Overview: What is this guy talking about?
In most of the projects I had, there was always the need of develop at least one custom control to provide a really good user experience. As I said before in several posts, the user experience is such a critical aspect of any mobile development, that the standard controls are never enough for fulfilling it. And this need is even beyond the lack of some desired features in the current version of Windows Mobile standard controls. Even if we would have cinematic touch scrolling or transparent backgrounds in .Net CF controls, we will highly probably still needing to develop custom controls providing the right user experience to our users, when showing specific business data or interactions that cannot been achieve with the standard controls.
Unfortunately, there is not enough guidance about how to develop a .Net CF custom control in an start-to-end tutorialish approach, a way that you can follow it from scratch, passing thru a sequence of steps that will lead you to a finished custom control, with a clear understanding of what you should take care about during the development process.
So, I decided to start a series of posts on how to develop a real-world custom control for .Net CF. My hope is that these posts will be useful for any developer who needs to develop a .Net CF custom control for a real-world application. That includes people working with me and even myself :). My goal is to be focused not only on the User Control UI elements coding, but also on its usability during the development and application support, and how this control should interact with the business elements, taking care of keeping them decoupled and testable while the control stills providing the desired UX and performance.
Does it sound good? Quite ambitious maybe? I guess YES, YES. And I’ve already spent too many typing on this overview, so let’s start.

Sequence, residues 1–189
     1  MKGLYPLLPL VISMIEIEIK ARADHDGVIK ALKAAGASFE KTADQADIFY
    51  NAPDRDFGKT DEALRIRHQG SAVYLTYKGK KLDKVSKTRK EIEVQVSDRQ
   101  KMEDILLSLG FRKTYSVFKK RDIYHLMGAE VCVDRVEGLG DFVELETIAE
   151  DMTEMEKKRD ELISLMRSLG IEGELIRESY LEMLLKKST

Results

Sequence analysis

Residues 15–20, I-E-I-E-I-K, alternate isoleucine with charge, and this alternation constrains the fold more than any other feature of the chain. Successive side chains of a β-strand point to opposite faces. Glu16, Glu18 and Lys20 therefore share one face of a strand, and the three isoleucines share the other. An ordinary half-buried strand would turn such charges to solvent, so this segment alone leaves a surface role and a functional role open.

What is a Custom Control? (Custom controls Vs. UserControls)
For who are new to controls development in .Net, there used to be a big confusion between what is a UserControl and what is a custom Control.
A UserControl is basically a UI component, which is made of other controls which can also be User Controls, and that has a design-time experience very similar to the Form’s one. A UserControl is built based on composition. Its goal is helping you to reuse a set of UI elements on more than one Form providing a consistent look & feel and usability from both the development and user experience point of view.
So, if you need to show a Customer Details section in several views, you can create a CustomerDetails user control which will include a set of labels which will be filled with the customer info in the same consistent way along your forms. For achieving that you can just create a new User Control from the “Add Item” menu, call it “CustomerDetails.cs” and in a friendly designer experience, you can drop some labels, change its properties like name, text, font, position them as you prefer, and then using the UserControl code behind, expose a Customer property and fill your labels based on it.
In contrast, a custom Control is a single control. A .Net control which is developed “from scratch” and just by coding. To make it simpler, it’s basically a class that inherits from System.Windows.Forms.Control and overrides some of the Control’s methods, like OnPaint, to provide the expected user experience.
While a UserControl is easier to develop and support, a Custom Control is lighter and faster at runtime, and it gives you the highest flexibility you can get in a .Net control, because you are free to draw whatever you want, even animations, and to handle input messages like keyboard and touch events.
Why do we need a Custom Control? (Understanding the business)